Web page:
It’s still a pandemic, but life has pretty much resumed even if we’re not ready for it. This means I’m stuck inside all day but with very little time. At the start of it all, I leaned on Animal Crossing, but I had so much time off as my work figured out how to navigate the pandemic, and I cared for my family. Now, I’m stuck. I want to enter and immerse myself in a world, but I lack the time to jump back into my previous haven. That’s where Cozy Grove comes in. Billed as Animal Crossing but with more story, this game offers up immersion, adventure, crafting, and story. Plus, it does it allows you to do it all in shorter play sessions.
Cozy Grove is developed by Spry Fox and is published by Spry Fox and The Quantum Astrophysicists Guild. In the game, you play a Spirit Scout. Dropped off on the island of Cozy Grove, your goal is to wander the island’s forest each day, talk to the ghosts, and help them complete their stories. Along the way, you find secrets, collect creatures, and bring color back to Cozy Grove.
Like I mentioned above, the real winning factor for Cozy Grove is that it was made to put the story first, and it does so without forcing the player into endless grind loops. Instead, it rewards players for coming back over consecutive days by offering new story items but can easily be played for an hour a day and still feel rewarding.
The island is filled with animal spirits like a merchant who is a fox, a stranded seagull, a ranger who is also a bear, and more. In addition to your ghostly neighbors, you also interact with an adorable, lively fire that gives Calcifer a run for his money. With each quest you complete and each secret you discover, you bring Cozy Grove into color from its black and white setting. One of the game’s best visual elements helps track this story’s progress in a welcoming way.
Each islander has a series of hearts over their heads, empty at first; they each fill up as you complete pieces of their story. You talk with them, complete quests, and learn who they are. Now, it has to be said that these hearts are numerous, making it really easy to see the 40 plus hours of story content available. It’s a nice visual aid to tracking your progress with the different inhabitants.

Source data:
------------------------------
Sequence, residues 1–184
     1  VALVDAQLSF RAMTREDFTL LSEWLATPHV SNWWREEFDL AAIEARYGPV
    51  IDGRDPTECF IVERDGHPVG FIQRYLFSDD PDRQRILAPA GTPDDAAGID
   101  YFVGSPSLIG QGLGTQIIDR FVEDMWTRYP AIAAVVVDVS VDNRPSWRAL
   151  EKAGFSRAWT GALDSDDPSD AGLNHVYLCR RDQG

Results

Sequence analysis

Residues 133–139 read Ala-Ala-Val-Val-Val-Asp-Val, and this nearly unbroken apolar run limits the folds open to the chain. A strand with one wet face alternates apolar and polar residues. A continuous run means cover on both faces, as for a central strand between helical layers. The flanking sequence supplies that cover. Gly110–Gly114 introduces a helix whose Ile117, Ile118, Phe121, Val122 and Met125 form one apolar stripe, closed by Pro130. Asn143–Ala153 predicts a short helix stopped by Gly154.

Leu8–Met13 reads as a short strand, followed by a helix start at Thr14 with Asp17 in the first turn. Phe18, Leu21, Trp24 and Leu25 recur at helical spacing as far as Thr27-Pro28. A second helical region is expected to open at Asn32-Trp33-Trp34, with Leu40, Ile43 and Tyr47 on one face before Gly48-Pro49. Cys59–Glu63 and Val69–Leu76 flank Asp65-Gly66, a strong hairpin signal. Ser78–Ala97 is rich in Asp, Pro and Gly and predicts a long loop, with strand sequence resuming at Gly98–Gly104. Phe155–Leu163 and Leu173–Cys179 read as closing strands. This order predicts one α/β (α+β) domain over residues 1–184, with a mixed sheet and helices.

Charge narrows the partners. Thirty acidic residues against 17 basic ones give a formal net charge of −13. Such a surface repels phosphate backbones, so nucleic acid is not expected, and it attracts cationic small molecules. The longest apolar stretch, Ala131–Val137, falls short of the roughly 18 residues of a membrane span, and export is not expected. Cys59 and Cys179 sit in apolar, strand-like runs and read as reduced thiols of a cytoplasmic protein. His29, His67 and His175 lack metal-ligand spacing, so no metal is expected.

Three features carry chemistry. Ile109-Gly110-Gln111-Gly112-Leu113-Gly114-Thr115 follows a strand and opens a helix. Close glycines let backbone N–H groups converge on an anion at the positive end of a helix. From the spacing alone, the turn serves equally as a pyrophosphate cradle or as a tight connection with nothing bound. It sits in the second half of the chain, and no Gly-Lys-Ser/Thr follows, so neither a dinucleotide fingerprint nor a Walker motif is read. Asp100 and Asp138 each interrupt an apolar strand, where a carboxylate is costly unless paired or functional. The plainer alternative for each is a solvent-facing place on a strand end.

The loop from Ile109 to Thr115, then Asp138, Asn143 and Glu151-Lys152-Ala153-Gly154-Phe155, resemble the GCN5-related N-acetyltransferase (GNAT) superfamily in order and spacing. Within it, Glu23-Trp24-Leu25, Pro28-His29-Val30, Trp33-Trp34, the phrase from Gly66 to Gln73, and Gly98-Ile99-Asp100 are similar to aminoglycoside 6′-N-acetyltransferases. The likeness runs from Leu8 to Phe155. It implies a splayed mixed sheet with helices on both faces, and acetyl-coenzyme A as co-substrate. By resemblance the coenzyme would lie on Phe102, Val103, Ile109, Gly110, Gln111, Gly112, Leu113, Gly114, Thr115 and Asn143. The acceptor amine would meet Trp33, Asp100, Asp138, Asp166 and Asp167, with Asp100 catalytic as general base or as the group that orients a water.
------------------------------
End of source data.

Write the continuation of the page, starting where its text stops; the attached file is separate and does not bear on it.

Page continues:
While there is a lot of story, it’s the fact that each character’s story is packed with a narrative that is both adorable and somber, oscillating between the two – they are ghosts, after all. But even in the sad stories, there is an air of whimsy to the dialogue. This is the beautiful thing about Cozy Grove. It isn’t about the DIYs you can get from them or the ones you can pester into leaving. It’s about forging connections with each character, listening to them, and connecting to them in an empathetic way.
And that’s one of the beautiful elements of Cozy Grove because the island isn’t just about you. You aren’t its god. But you are a listener, a friend, which puts empathy at the core of the game’s story. In truth, you can’t just ignore the island’s inhabitants; while there is a skip story button, not reading the dialogue can make completely certain quests a bit hard. The game pushes you to care and to immerse yourself.
But thankfully, each piece of the story is completed relatively easily when you pay attention. And if for whatever reason, you find yourself stumped on finding the location of a secret to complete a quest, you can buy a clue from the ranger, which allows you to complete a quest just a bit faster if you’re stumped.